Depending on one's penchant for niche market theories, a Super Bowl win by the Eagles could be just the tonic reeling U.S. equities need.

That's the signal the so-called Super Bowl Indicator is sending. It goes like this: a victory in Sunday's football title game by the National Football Conference representative, in this case the Eagles, will boost stocks in the following week. The market outcome isn't nearly as positive if an American Football Conference team, or the New England Patriots, prevails.

There's no data-backed rationale for the theory to work, but work it does. In 1990, an article published in the Journal of Finance examining the phenomenon decided that "few prediction schemes have been more accurate, and at the same time more perplexing."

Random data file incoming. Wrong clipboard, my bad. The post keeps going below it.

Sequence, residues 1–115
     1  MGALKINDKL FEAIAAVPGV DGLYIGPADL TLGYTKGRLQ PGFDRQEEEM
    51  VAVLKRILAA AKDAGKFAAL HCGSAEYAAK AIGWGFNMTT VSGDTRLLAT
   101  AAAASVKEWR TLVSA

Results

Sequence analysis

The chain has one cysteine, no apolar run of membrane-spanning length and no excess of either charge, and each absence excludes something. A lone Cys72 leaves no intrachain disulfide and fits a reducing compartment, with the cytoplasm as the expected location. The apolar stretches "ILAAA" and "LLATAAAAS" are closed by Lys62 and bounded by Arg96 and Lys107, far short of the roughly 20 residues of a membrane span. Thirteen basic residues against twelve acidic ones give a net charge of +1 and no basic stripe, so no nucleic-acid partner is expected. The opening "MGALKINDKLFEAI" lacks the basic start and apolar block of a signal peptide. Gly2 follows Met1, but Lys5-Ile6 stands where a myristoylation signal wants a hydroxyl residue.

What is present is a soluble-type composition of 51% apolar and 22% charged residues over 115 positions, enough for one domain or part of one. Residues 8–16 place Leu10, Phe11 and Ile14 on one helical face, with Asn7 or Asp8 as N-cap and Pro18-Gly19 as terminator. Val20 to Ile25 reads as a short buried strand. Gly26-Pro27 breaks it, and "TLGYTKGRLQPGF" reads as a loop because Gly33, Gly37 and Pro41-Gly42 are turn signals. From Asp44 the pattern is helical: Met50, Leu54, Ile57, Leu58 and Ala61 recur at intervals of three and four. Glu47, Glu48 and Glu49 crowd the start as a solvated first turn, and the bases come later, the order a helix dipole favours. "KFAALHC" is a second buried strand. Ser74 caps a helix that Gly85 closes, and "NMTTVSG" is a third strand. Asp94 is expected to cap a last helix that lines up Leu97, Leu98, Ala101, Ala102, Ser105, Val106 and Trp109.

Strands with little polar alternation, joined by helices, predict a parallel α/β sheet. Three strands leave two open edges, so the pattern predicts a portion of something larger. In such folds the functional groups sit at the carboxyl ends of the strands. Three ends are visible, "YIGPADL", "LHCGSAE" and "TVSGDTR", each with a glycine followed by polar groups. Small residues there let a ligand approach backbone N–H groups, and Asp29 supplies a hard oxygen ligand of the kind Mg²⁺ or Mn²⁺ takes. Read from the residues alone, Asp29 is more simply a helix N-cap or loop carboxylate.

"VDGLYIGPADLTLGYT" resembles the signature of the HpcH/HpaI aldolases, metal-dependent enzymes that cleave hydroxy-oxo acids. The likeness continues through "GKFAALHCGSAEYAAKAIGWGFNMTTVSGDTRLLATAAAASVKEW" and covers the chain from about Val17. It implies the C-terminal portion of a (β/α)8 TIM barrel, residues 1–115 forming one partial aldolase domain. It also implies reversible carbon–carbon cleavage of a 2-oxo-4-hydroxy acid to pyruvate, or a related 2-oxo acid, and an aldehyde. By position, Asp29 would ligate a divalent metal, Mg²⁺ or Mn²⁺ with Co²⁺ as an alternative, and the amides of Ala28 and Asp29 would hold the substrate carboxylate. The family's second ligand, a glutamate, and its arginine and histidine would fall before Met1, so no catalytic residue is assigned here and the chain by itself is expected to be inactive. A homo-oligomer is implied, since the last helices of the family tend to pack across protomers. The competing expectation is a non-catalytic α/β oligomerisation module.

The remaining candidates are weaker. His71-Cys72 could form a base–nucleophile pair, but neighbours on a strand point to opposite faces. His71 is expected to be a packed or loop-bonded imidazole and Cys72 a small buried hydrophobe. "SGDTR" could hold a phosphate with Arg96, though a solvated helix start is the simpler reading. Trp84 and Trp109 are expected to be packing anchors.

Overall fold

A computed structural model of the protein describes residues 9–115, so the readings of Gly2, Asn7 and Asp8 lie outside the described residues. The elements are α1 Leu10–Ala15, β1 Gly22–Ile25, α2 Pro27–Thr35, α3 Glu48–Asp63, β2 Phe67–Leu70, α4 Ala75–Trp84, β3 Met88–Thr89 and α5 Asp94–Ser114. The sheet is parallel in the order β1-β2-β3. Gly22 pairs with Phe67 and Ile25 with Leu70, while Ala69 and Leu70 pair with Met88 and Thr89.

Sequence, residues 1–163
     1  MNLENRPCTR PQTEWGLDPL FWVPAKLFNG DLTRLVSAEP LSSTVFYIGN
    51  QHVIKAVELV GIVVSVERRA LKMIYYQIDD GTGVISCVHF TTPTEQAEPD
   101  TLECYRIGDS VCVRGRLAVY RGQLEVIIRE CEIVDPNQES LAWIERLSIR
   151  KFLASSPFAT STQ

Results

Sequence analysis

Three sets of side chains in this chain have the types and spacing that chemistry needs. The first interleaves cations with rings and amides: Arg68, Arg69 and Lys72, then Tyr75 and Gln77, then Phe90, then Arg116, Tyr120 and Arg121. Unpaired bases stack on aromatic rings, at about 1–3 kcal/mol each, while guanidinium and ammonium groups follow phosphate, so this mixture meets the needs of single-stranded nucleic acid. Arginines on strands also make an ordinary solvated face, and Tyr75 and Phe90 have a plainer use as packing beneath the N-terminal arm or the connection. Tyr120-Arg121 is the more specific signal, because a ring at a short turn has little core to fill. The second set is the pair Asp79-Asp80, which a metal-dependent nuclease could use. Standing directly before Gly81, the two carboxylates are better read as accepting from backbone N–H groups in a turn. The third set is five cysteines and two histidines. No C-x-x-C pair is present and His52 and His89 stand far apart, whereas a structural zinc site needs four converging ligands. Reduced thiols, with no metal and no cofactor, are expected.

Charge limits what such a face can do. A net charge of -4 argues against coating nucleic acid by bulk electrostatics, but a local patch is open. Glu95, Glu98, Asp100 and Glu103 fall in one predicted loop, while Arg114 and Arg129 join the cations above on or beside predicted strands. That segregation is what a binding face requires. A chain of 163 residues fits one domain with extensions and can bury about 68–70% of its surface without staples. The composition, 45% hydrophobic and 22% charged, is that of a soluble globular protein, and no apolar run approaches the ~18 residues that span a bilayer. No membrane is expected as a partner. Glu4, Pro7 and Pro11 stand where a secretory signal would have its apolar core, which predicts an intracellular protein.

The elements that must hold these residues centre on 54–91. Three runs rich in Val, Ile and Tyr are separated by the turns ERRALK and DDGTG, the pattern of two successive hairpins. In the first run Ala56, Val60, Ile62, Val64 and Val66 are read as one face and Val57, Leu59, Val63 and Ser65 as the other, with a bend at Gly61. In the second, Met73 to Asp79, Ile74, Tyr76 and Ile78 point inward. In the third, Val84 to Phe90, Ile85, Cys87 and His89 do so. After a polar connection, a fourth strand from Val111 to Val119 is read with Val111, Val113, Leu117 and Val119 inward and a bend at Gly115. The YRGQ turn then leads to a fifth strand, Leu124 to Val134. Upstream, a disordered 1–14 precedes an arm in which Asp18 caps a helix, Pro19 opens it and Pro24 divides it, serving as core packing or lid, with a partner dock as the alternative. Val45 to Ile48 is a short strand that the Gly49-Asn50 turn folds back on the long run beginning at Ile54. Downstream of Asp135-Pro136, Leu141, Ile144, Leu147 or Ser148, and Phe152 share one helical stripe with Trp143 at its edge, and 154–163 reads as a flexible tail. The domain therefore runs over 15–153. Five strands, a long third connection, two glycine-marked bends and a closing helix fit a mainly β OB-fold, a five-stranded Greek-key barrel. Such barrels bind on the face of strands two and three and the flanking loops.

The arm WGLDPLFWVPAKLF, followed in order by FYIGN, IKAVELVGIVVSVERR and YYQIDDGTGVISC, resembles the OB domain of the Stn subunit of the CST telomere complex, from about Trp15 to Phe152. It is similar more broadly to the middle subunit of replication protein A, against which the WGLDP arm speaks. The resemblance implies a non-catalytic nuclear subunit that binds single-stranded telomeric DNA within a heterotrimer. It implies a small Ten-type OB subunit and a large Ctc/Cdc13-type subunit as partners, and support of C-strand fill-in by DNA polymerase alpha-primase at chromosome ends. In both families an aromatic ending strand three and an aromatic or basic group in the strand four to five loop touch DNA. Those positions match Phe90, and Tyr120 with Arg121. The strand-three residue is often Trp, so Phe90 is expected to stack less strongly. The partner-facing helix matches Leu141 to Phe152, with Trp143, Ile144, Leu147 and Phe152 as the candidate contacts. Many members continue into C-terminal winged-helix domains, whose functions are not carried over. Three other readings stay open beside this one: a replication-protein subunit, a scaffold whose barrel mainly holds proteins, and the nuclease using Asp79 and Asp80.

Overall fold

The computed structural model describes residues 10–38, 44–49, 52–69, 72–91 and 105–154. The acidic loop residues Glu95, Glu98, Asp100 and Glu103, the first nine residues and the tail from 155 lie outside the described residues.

CXO Advisory Group LLC looked at the data through last year's game and found that the outcome is good for stocks no matter who wins — but that an NFC victory delivers a gain almost twice as big as an AFC win does. Their analysis suggests investors are distracted in the run-up to the game and return more focused in the week following.

If quant traders at Wells Fargo Asset Management's Analytic Investors LLC are right, Eagles fans and investors alike may be in for a rough week. Their model, which beat the point spread in 10 of the last 14 games, sees a Patriots win by at least five points.